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The BDA's BSL Audit: what should do the Welsh Government do next?

The British Deaf Association (BDA) published its audit of the Welsh Government's policies and approaches against the five commitments of their BSL Charter on 14 February 2023.

The BDA recommends the following:
  • A BSL Act in Wales giving sign language communities and Deaf people full citizenship in cultural, social and political contexts;
  • Restructure Deaf education with a national BSL plan;
  • Ensure hearing people and families of Deaf children can learn BSL;
  • Put BSL/English interpreting on a statutory footing;
  • To establish a BSL working group; 
  • Collect statistics relating to the socio-economic situation of BSL users; and
  • Create a Facebook group to gather evidence from the Deaf community.
The ball is now in the Welsh Government's court. Progress has already been made with the appointment of a Disability and BSL Policy Manager in Government, who is tasked with implementing the BDA's recommendations.

In terms of next steps, while the Government has made clear that the Disability Rights Taskforce, particularly its Access to Services Working Group, will consider the BDA's report, more is required.  Following the BDA's recommendation for a BSL working group to be established, I suggest that a steering group is set up consisting of Welsh Deaf BSL users, with invited representative of the Deaf community across Wales, with representation of the north, south, west and east.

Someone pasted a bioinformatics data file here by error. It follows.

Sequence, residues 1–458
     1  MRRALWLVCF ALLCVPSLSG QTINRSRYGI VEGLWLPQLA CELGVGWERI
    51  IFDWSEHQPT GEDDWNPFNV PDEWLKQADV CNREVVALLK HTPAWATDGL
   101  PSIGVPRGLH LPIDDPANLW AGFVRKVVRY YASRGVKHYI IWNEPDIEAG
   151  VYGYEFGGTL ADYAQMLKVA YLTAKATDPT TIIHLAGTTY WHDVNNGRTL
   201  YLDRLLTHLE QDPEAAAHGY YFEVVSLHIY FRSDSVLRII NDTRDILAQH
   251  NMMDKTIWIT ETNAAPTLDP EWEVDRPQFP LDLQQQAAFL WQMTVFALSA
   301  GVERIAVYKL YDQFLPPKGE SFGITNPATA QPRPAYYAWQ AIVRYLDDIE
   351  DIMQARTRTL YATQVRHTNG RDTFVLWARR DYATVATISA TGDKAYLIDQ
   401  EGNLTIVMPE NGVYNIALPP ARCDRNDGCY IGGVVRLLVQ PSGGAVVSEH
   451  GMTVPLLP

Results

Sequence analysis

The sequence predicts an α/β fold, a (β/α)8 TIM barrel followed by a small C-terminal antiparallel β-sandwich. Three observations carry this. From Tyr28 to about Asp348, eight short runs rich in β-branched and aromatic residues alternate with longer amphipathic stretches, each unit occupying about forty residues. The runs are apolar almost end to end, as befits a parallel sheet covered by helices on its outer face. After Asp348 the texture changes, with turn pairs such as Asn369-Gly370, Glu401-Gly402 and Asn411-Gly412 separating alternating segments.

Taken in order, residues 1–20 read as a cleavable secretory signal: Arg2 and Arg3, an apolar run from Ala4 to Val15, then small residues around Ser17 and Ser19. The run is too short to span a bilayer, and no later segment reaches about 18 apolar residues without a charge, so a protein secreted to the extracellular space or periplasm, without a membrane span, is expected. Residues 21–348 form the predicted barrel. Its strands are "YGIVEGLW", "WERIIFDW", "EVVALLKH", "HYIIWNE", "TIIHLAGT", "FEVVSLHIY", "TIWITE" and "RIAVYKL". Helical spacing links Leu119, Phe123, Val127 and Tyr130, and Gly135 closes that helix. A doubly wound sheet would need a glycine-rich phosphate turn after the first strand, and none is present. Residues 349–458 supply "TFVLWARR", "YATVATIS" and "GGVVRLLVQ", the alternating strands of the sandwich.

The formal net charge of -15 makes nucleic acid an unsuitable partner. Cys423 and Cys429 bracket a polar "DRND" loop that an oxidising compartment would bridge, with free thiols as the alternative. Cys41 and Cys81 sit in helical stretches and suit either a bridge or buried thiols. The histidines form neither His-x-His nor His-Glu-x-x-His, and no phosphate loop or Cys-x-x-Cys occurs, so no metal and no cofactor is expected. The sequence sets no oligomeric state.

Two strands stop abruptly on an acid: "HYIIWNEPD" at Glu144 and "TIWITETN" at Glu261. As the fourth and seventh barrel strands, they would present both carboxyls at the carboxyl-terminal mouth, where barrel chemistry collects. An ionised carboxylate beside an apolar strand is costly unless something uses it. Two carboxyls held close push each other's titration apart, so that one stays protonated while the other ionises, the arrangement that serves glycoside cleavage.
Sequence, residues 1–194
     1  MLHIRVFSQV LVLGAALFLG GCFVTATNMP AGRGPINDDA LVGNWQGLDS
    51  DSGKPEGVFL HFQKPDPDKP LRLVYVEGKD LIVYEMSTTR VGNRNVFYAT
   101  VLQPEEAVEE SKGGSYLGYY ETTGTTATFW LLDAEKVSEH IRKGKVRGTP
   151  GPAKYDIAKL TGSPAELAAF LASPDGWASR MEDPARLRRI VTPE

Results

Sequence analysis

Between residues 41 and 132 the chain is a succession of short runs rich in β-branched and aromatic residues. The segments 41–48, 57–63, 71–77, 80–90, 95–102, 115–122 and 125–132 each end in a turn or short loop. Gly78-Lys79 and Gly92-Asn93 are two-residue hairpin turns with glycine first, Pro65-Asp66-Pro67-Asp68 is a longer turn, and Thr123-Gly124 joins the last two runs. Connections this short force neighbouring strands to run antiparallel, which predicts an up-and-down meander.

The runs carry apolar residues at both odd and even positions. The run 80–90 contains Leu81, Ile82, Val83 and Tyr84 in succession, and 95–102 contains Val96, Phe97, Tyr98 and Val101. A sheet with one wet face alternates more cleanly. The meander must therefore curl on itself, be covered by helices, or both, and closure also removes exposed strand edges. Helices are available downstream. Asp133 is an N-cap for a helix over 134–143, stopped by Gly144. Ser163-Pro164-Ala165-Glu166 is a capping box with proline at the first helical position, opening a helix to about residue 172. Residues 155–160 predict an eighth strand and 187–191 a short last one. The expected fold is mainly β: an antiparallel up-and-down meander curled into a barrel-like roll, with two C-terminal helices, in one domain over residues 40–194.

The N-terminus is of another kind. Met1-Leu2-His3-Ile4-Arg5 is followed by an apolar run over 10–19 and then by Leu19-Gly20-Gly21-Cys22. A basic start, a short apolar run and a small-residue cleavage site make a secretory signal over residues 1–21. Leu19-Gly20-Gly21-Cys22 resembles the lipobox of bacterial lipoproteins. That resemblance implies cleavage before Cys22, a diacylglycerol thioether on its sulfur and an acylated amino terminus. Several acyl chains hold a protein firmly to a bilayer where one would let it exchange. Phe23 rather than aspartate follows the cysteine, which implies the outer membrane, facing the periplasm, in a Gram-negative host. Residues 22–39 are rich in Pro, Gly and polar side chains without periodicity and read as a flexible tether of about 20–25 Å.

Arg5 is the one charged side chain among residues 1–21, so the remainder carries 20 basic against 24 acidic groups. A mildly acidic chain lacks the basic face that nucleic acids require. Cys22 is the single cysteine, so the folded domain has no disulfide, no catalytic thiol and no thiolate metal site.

The purpose of the steering group would be to work out a way forward to implement the BDA’s recommendations on behalf of the Welsh Government. At the first meeting, a chair should be appointed.  The steering group could produce a plan which could include the establishment of a BSL council or committee (or similar) which will oversee the implementation of the recommendations. 

If such a council or committee is set up, a chair would again need to be appointed, which could be a similar arrangement to that of the BSL Advisory Board in England, whereby Craig Crowley is to be co-chair with a senior civil servant.  The steering group could transition into the BSL council, or perhaps the Welsh Government would prefer to appoint council members by way of an application process, similar to the BSL Advisory Board recruitment process under the BSL Act 2022.

The remit of the BSL council would be the three main themes of the BDA's audit report: Full Citizenship, Education and Interpreters and Translators (see Figure 1), and a working group could be set up for each theme.  At that level, representatives from the sector could be required to work out an action plan with and on behalf of the BSL council on how to implement the BDA's recommendations under that particular theme. Members of the BSL council could volunteer to become chair of each working group.

The Welsh Government would need to commit funds for the steering group, BSL council and working groups to cover the cost of BSL/English Interpreters, administrative support and translations into BSL, English and Welsh as needed.  A website on the website would also be needed to act as a focal point of the BSL council's work and be a central resource.

The BSL could work out a reporting process for each working group for progress reports etc. which can also be published on the website.

It remains to be seen what the Welsh Government decides to do.


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